AMC’s Hell On Wheels debuts tonight, joining Mad Men as the latest of the network’s line-up of period dramas. Taking place in post-Civil War America during the construction of the Trans-Continental Railroad, the show focuses on the titular Hell on Wheels, a town that moves with the railroad itself, setting the stage for a historical drama starring Common, Anson Mount, Dominique McElliot and Colm Meaney.
Canadian actor and National Native Role Model Gerald Auger appears as real-life historical figure Pawnee Killer, leader of the Native American resistance, fighting against the approaching railroad. We sat down with Auger to talk about his character, his co-actors, and the show itself.
“Expect true grittiness and truth in the events that occurred in the building of the railroad ,” Auger said. “The reason they call it Hell on Wheels is because as the railroad was being built, they had whorehouses, gambling houses, saloons. People were dying every day, as the railroad was being built. Hence the term Hell on Wheels. The population for Hell on Wheels was one left every day.”
“The themes the show is going to be dealing with are the personal journeys we take in life. Anson Mount, who plays the lead, goes on his own personal journey, taking revenge in his own way… We’re looking at religion, we’re looking at personal journeys, we’re looking at progression–the dark side and the bright side of progression.”
“[Pawnee Killer] is anti-Christian, anti-progressive, and very unforgiving to the encroaching white man, who are desecrating the land… It was very liberating in being able to live history every day, and being a part of it was really a gift in itself.”
Common plays Elam Ferguson, a freed slave trying to establish himself, and Ashon Mount is Cullen Bohannon, a ex-Confederate out for revenge. Meanwhile Colm Meanery is “Doc” Durant, a businessman trying to make money in the shifting alliances of the moving town.
“Common is a very humble, very down-to-earth, goodhearted human being,” Auger said. “Colm is awesome, too, and very happy-go-lucky. Both Common and Colm, Ashon, Dominique, and the other cast members–they were real people, and at the end of the day, they were really appreciating where we all were as actors.”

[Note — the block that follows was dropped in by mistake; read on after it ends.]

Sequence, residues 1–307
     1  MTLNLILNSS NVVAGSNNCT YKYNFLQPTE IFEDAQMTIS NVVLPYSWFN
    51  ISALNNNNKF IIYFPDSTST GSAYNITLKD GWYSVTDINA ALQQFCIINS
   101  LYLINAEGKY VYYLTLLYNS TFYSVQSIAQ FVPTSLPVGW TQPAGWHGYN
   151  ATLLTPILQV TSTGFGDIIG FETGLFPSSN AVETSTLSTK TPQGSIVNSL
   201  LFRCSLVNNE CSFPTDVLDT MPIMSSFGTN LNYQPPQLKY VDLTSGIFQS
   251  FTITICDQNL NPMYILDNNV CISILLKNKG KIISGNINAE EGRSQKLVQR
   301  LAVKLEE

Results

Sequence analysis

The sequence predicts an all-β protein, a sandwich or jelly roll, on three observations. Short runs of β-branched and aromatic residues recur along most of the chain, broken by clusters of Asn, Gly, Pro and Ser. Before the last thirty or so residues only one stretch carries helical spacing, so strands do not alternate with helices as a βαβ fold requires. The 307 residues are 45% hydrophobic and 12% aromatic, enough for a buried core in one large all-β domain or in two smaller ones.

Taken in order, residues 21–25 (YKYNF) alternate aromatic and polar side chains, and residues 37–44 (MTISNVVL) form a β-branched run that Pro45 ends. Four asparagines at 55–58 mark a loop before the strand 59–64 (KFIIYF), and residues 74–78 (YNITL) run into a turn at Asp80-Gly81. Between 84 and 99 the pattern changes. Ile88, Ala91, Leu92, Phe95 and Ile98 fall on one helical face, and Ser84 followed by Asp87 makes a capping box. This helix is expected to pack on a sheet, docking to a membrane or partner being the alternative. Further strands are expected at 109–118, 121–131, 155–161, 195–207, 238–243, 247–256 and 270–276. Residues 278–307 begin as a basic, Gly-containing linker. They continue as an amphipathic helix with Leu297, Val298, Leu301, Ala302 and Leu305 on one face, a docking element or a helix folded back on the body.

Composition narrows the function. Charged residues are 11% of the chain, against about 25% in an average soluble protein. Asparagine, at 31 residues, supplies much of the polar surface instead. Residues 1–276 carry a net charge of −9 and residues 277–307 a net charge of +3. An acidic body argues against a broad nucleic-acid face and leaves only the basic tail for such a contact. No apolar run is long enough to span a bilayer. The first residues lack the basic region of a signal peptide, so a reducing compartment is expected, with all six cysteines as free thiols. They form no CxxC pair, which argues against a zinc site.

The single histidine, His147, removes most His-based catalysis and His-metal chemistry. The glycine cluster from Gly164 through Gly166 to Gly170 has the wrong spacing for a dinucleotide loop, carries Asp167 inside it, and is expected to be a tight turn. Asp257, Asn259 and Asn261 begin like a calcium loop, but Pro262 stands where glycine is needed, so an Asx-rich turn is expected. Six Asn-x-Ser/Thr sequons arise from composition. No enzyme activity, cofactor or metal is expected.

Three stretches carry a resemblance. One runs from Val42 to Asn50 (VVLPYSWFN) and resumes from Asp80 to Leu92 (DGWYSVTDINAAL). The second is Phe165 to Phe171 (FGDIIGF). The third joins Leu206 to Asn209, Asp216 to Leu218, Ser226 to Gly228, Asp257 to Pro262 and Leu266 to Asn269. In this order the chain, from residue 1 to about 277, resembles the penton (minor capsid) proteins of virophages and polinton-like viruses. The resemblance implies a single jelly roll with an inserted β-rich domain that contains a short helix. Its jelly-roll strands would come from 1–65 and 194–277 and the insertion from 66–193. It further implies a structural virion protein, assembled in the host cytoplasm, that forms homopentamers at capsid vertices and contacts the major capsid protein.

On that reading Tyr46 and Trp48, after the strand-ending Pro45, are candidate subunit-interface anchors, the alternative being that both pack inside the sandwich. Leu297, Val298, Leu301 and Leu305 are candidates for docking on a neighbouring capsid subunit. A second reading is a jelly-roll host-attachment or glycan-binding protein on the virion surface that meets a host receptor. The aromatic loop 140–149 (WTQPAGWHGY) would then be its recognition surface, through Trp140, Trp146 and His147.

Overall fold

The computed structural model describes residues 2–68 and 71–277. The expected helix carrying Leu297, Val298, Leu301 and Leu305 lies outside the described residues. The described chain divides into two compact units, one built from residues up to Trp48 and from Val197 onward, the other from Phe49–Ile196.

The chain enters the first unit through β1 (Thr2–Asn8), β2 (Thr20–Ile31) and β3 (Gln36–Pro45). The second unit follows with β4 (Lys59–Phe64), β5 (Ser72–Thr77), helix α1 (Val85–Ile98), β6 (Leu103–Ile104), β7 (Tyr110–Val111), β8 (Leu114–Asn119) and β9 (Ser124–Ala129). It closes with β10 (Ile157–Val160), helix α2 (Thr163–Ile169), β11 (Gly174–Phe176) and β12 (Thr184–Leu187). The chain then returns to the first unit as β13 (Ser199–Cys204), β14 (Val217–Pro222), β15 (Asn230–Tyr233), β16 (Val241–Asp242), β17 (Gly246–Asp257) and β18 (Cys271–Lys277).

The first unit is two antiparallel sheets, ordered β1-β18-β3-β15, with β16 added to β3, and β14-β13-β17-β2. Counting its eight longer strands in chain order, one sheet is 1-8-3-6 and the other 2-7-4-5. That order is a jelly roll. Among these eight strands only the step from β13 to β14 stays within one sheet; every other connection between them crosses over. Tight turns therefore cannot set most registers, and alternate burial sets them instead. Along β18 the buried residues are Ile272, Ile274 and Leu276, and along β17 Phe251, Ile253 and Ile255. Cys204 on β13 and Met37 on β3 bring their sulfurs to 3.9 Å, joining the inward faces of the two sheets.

Like Mad Men, Hell on Wheels emphasizes historical accuracy. The show has a unique focus on the Native American resistance. “[Tony and Joe Gayton, the creators] did their research,” Auger said. “They did all they could to reveal the truth about what really happened to the Native American people, and how that was kind of the beginning of the end for our way of life, in terms of living off the land, and being attuned to Mother Earth, and life in general, really… Hell on Wheels really tries to portray what really, really happened in history. They incorporate storylines that make you really wonder, ‘Where have we gone?’ in terms of humanity… Who we are a hundred years ago is who we are today.”
But the show also doesn’t skimp on excitement and drama. “There’s a perfect balance,” Auger said. “I have to give props to Joe and Tony for writing the series, and David Von Ancken, the executive producer.”
With the character of Pawnee Killer and the resistance, the show focuses on Native American spirituality in a way that other Western shows don’t have. “One of the challenges was creating Pawnee Killer based on the research I’ve done on him,” Auger said. “And trying to portray history as accurately as we can.”
“In episode six, we do a ceremony, and we recreated that. Our ceremonies are very sacred to Native American people, and I actually went into ceremonial mode for the actual scene… On that day, the wind picked up, and the director said, ‘Load those cameras, let’s shoot this. I have never seen this before in the work that I’ve done’…. There’s a level of authenticity.”